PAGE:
Nevertheless, Merkel's speech to the Bundestag 15 October 2015 stressed that "the cornerstone" of the  Minsk agreements is "full withdrawal of all troops and mercenaries who illegally stay in Ukraine, and Ukraine’s complete control over its borders".

In general, Germany is ready to listen to the arguments of the Ukrainian side, if they are without serious grounds. However, it needs to articulate them at all levels.

One of the defects of Ukrainian policy towards Germany is president’s actual usurpation of the direction.

Alliance opinion leaders must voice and explaine the Ukrainian position.

Germany as a guarantor of European unity

Ukraine has to understand that the lack of support from Germany would not allow the decision to maintain sanctions against Russia for two years.

Chancellor Merkel personally played a major role in ensuring the unity on four critical areas for Ukraine: in Germany itself, particularly at the level of the ruling coalition; at the level of the European Union; transatlantic unity; and, to some extent, at the level of president, prime minister in Ukraine.

However, there is no guarantee that Germany will continue its leadership function.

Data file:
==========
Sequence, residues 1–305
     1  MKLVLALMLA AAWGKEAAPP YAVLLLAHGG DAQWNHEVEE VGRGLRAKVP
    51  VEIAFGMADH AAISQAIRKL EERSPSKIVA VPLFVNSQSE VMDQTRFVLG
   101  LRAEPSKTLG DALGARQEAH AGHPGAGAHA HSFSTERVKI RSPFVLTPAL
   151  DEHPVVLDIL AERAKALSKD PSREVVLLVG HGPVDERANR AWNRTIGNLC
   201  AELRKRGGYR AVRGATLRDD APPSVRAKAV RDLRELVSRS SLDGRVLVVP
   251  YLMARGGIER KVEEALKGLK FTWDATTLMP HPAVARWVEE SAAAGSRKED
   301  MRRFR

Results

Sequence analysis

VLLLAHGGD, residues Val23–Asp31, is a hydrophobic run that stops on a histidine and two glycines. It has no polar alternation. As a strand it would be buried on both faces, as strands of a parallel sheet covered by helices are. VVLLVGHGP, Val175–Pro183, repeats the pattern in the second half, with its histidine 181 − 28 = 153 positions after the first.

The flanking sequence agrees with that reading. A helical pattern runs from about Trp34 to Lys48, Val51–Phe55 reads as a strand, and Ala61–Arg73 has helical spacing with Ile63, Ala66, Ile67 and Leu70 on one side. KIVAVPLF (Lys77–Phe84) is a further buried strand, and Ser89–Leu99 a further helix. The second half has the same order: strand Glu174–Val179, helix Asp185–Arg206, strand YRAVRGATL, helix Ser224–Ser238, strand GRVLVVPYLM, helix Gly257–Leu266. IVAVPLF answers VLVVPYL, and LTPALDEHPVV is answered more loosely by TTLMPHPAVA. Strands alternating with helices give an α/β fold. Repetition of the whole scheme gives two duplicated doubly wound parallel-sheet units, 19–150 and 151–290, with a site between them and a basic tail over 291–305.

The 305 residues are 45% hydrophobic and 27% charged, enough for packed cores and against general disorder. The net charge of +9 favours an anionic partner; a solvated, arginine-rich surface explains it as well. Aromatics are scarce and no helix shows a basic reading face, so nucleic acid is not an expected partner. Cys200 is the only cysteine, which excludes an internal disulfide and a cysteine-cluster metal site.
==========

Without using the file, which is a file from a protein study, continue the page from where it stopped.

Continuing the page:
First, the impact of Berlin for a particular EU country requires greater efforts.

Secondly, Germany under the weight of internal problems itself can change priorities.

The real test of the unity of the EU may be on the extension of sanctions against Russia in 2016. At the time, can become more confident voices of supporters of the restoration of cooperation with Russia.

By all indications, Berlin still has situational support. The temptation to return to a policy of "Russia first" is still quite strong in Germany.

The German leadership in the EU is important not only in terms of anti-Russian sanctions. Among other issues are implementation of the EU-Ukraine visa-free regime. In terms of refugee crisis the idea of ​​opening the border for Ukrainians can be extremely unpopular.

Under such conditions, the strong position of Germany is critical, but it is important that Berlin itself became a victim of anti-migrant public sentiment. Against this background, talking about the unity of the EU on visa issues will be extremely difficult.

Germany's ability to affect the unity of the EU depends on inner strength, stability Germany itself. For Ukraine it is important to prepare a "Plan B" that go beyond Ukrainian-German cooperation.

EU’s bets solely on Angela Merkel would be extremely ill-advised - no matter how strong is her position today.

One risk is that Ukraine may be difficult to reach agreement with those Member States that have formed the position of Russian aggression under duress of Germany (and America) and not as a result of dialogue with the Ukrainians.

Related: Germany is ready to allocate money for Donbas restoration

Related: A case against German politician for visiting Donbas

Related: Ukraine will be priority during German chair in OSCE – Erler